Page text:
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How to Value DeFi

What is Value? We need to carefully differentiate between various definitions and understandings of the word ‘value’ when thinking about valuations and prices. Sometimes people mean ‘cheap’ when they use the word value. Other times they mean that they particularly like some aspect of a good or service. Or they could mean that they are happy to pay a high price for something that they value.
Phone showing valuation of cryptocurrencies
© RMIT 2021

The Oxford English Dictionary defines value as being, ‘worth or desirability or utility’. Price is defined as being ‘the amount of money expected, required or given in payment for something’. Ideally ‘value’ and ‘price’ are related to each other, but that need not be the case.

What is Value?

We need to carefully differentiate between various definitions and understandings of the word ‘value’ when thinking about valuations and prices. Sometimes people mean ‘cheap’ when they use the word value. Other times they mean that they particularly like some aspect of a good or service. Or they could mean that they are happy to pay a high price for something that they value.

Just like valuation itself the word ‘value’ is subjective. Value is something in the eye of the beholder.

Price v Value

Price, on the other hand, is something that is mostly objective. The price of Bitcoin, for example, might be A$60,000. Tomorrow it will be another price. But what is the value of Bitcoin?

Fama-Efficient Markets

A market where value and price are equal can be defined as being a Fama-efficient market. This is after the 2013 economics Nobel Laureate, Eugene Fama, who popularised the notion of informationally efficient markets. In such a market the prices that assets trade at reflect all information that could impact upon the valuation of that asset. In practice this means that prices react quickly to new value-relevant information. There is a huge academic debate as to the extent to which stock markets, for example, are Fama-efficient. But it is clear is that prices in stock markets do quickly react to news. Bond markets too.

Are Crypto Markets Fama-Efficient?

This is where things become difficult. In most asset markets we have a clear idea of valuation. We can think of the drivers of valuation even if we do not always agree what the correct value (or price) of an asset might be. So, for example, we might think that a share price should be the discounted value of future dividends. Or we might think that the share price should represent 5 times the current earnings per share. We might imagine that a bond should be valued at the discounted coupon value. Or that a call option should be valued by applying the Black-Scholes option pricing formula.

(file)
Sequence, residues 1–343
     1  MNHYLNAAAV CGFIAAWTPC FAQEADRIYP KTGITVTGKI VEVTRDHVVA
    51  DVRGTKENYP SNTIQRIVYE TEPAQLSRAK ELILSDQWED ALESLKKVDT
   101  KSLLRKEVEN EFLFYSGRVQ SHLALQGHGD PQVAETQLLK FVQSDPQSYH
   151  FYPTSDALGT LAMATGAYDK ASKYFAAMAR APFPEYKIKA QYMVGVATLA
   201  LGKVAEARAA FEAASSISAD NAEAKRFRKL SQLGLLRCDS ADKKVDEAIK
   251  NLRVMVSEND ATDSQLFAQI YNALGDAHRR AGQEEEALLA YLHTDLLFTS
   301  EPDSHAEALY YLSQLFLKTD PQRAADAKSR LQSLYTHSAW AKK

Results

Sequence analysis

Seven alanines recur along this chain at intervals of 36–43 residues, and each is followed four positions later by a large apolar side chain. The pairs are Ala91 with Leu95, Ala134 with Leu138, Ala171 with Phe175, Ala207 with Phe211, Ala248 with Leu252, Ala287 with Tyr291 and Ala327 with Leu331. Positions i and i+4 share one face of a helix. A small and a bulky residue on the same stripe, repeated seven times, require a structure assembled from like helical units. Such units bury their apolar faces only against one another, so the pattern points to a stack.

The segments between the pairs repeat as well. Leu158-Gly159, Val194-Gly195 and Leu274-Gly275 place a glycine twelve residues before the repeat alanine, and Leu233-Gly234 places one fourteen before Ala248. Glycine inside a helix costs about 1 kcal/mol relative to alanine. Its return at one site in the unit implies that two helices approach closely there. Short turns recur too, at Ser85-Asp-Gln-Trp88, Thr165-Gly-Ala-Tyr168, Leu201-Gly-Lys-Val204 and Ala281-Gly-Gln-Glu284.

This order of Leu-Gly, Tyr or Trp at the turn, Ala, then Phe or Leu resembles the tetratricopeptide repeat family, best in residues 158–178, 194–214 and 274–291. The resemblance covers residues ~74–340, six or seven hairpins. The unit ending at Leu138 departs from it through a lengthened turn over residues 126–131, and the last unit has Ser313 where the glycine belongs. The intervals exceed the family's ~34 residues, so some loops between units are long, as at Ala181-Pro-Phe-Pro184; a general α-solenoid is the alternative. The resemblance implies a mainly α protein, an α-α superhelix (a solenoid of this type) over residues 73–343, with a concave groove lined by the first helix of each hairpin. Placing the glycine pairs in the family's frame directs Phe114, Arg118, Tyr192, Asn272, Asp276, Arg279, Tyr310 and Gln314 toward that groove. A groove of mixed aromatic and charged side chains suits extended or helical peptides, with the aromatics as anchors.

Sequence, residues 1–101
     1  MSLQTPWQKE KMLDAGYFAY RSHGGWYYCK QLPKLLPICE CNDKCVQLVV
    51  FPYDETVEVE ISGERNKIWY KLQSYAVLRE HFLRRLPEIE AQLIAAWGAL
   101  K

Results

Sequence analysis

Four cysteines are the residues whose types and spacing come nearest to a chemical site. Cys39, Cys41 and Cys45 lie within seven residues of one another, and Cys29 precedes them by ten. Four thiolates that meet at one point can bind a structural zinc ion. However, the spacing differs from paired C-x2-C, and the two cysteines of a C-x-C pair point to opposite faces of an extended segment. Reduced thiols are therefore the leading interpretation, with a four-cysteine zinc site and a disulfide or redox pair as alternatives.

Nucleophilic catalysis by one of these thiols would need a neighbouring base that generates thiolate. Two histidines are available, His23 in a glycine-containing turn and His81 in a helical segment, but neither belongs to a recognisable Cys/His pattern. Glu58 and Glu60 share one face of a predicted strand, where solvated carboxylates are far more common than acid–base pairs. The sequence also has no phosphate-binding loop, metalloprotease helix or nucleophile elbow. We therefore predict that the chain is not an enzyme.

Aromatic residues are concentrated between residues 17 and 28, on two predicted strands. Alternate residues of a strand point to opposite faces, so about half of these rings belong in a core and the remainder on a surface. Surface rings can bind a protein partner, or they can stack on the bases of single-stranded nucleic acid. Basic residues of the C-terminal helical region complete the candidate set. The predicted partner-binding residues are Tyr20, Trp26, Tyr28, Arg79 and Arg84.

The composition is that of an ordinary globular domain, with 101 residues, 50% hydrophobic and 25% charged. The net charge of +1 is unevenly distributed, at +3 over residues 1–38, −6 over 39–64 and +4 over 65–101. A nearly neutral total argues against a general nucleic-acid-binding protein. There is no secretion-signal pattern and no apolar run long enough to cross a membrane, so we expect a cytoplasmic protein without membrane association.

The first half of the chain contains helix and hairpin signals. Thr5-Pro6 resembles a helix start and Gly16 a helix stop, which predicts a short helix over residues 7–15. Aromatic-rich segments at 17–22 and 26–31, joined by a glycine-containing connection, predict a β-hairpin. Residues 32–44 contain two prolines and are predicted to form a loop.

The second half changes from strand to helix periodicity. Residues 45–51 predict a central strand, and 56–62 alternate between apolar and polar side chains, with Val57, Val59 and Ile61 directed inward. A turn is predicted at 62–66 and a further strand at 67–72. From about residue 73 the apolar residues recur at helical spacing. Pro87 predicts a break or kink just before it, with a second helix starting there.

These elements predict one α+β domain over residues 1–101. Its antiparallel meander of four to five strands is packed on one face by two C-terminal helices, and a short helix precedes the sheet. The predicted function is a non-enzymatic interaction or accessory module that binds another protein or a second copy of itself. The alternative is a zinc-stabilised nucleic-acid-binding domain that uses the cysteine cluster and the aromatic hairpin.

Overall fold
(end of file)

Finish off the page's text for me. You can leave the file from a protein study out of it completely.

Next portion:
In the case of each of these financial assets, shares, bonds and options we have a valuation model that informs our evaluation of value and consequently the price we are prepared to pay for that asset.

In the case of crypto-assets, however, we do not (always) have a valuation model that can be used to think about the drivers of value. There is no cashflow associated with owning Bitcoin – so none of the discounted cashflow models is really appropriate for valuation. It is also not an option. If Bitcoin is money – as many argue – then maybe it could be valued as if it were a money. But even here, there are many, many theories as to the drivers of the value of money but they do not seem to capture the essence of Bitcoin.

All this leaves us in a difficult position  – we do not really know how to value many crypto-assets but they are traded in markets for a price. Are those prices ‘reasonable’? We cannot be sure. But that does not mean that we shouldn’t make an effort to understand the underlying business models that support those assets. Most crypto-assets will have a white paper and a development team and an articulated business model. Before investing in any crypto-asset investors should read the white paper, make sure they can understand the business model, determine that the development team is credible and generally do some due diligence work.

In time, norms and conventions and generally accepted valuation models will emerge and the drivers of pricing will be better understood. Until then, investors will need to do a lot more work when making investment decisions.

© RMIT 2021
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Decentralised Finance: Blockchain, Ethereum, and The Future of Banking

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